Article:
Summary: All of us are more alike than we are different, even those who are well outside our values. We need to see the broken as brothers and sisters in search of God, and to feel urgency about reaching them.
If blood is supposed to be thicker than water, meaning that we have a primary responsibility to our families, then I guess we had better know who our families are. I guess we’d better know who our blood kin are if blood is thicker than water, as the saying goes, and there is some kind of special responsibility to our own kinfolks. Who are our families?
Someone said to me this week, as she was reflecting on her future, "I have no family, you know." Well, I probed a little bit. I knew that she had no living brothers or sisters, and I knew that she had never been a mother. But I thought I knew of some others who were family. "Well, yes," she said, "there are some cousins. But I hardly know them. I don’t really consider them family." So I probed some more. I asked her if she had some good friends? “Oh, my, yes! I have great friends, devoted friends, the kind who will help you in every need." Then I asked about her church. “Oh, my church is wonderful. There are some people there who would do anything for me. I have a great church family. Oh! Church …family. I guess I do have a family, don’t I?
You see, family is broader than the folks who have the same last name or who sprang from the same great-grandparents. Family are the people who care about you, who have been through a lot of things with you, who have struggled when you have struggled. Family are the folks, whoever they are, who have sweated and prayed great drops of blood with you. Family is much broader than merely the official relatives.
Someone else called me the other day to tell me of the death of his good friend, a man with whom he had done many things over the years, someone he had cared for during his long illness and protracted dying. As we talked, I sensed that this loss of a good friend was no less painful, no less agonizing, than the loss of a blood brother. The mere accident of being born from the same parents and raised in the same home is not the only thing that makes us brothers. We are also brothers when we struggle together, live through pain together, share disappointments together. Family are the folks, whoever they are, who have sweated and prayed great drops of blood with you. Family is much broader than merely the official relatives.
I want to think with you about the broader human family in which we live. There are people all around us who are or who can become our family, our brothers and sisters.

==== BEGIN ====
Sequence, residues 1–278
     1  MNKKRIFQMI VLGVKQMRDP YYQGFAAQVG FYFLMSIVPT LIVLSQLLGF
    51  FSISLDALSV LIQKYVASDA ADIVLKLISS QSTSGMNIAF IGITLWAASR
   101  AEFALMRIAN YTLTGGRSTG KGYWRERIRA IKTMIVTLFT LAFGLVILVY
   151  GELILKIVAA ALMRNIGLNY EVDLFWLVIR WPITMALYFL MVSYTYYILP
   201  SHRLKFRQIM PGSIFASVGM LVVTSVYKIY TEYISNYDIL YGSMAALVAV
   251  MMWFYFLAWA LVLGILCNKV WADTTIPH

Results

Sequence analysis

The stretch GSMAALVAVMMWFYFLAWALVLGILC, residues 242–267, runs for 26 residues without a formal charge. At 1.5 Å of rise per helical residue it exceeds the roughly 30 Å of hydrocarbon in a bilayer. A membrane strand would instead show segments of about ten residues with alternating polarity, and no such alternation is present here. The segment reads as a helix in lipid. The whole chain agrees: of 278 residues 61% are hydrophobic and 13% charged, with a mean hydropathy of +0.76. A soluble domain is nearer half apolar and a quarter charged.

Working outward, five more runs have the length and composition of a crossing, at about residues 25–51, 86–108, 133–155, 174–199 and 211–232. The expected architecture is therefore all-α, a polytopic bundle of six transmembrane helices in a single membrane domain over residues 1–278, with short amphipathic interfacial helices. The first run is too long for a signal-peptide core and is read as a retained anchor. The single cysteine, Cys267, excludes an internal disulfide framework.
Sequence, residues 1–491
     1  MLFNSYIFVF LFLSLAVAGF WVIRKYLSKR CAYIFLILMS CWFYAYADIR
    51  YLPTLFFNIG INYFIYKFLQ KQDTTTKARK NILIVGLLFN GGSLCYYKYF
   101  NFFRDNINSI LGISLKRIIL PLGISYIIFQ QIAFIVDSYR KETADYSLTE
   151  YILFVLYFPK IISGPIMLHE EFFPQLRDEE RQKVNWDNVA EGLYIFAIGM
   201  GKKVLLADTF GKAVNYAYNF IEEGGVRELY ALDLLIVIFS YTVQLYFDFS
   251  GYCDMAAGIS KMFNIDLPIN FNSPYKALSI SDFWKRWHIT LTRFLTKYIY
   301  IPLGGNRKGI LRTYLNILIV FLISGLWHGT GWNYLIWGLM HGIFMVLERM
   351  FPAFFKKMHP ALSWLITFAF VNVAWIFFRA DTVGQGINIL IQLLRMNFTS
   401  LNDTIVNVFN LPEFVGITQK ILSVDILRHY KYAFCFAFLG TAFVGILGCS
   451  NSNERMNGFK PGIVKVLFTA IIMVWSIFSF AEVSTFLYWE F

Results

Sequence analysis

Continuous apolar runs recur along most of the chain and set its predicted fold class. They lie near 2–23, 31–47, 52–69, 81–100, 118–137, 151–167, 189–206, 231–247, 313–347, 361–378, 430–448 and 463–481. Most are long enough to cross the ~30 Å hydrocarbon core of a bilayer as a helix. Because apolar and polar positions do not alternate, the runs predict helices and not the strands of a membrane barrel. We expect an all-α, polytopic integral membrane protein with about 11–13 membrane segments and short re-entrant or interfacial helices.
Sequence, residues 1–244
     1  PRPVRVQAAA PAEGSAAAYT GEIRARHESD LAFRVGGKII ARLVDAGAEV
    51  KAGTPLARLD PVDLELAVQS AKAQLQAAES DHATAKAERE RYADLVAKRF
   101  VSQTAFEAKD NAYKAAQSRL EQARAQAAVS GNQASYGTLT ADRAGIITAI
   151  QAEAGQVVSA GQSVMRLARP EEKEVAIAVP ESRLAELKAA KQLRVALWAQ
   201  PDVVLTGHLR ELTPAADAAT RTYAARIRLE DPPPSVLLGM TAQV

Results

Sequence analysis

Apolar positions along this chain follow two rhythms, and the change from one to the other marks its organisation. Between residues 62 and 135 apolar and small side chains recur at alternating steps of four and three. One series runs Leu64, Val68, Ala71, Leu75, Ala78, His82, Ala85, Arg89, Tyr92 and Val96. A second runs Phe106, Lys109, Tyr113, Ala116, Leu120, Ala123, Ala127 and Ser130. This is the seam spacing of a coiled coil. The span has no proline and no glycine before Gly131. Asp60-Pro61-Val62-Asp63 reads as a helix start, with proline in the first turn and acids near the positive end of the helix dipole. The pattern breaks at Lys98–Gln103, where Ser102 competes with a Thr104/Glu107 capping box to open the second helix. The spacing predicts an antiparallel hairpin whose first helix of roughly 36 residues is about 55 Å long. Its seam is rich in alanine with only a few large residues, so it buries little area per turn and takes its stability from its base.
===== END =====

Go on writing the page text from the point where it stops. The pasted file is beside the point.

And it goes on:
The apostle Paul, speaking to the polite skeptics on Mars Hill in ancient Athens, decided to teach them about being one family. This Jew from Tarsus in Syria ... of a different race from these Greeks, speaking a different native language, having a different religious background, being from a culture quite unlike theirs ... this argumentative man representing a tiny, unheard of religion, decided to tell the cultured Athenians that they were like him and he like them. Probably not as easy message to hear.
But Paul asserted that all of them were of one blood. One family. And being of one blood had some very definite consequences.
The first thing that Paul taught the Athenians was that because we are all God’s creation, because we are all of one blood, we are more alike than we are different. Now the differentness is there, it is important, but there is more to bring us together than there is to separate us.
"God who made the world and everything it, he who is Lord of heaven and earth … [this God] has made of one blood all nations to inhabit the whole earth, and he allotted the times of their existence and the boundaries of the places where they would live."
To put it in plain and simple terms, God has made us all alike and yet God has also made us all different. God has made us of one blood and yet God has also allotted each of us different times, different boundaries, different ways, different styles. But the thrust is that God has made us family; God has made us of one blood, though we are different.
Now there are many ways to talk about this truth. If I were to recount the history of this congregation as a multiracial family, I would get no argument from you. We have achieved a great deal of the family feeling on that level. We are more alike than we are different, even though there are differences.
If I were to speak of the way we have been able, to some degree, to cross over other barriers, I would find agreement. One of our newer members told his deacon that he was attracted to this church because we spent no time parading our goodness or flaunting our righteousness. We just recognize that we are all simply sinners saved by grace. That’s a good tribute to the family feeling we’ve achieved. We are more alike than we are different, even though we are different.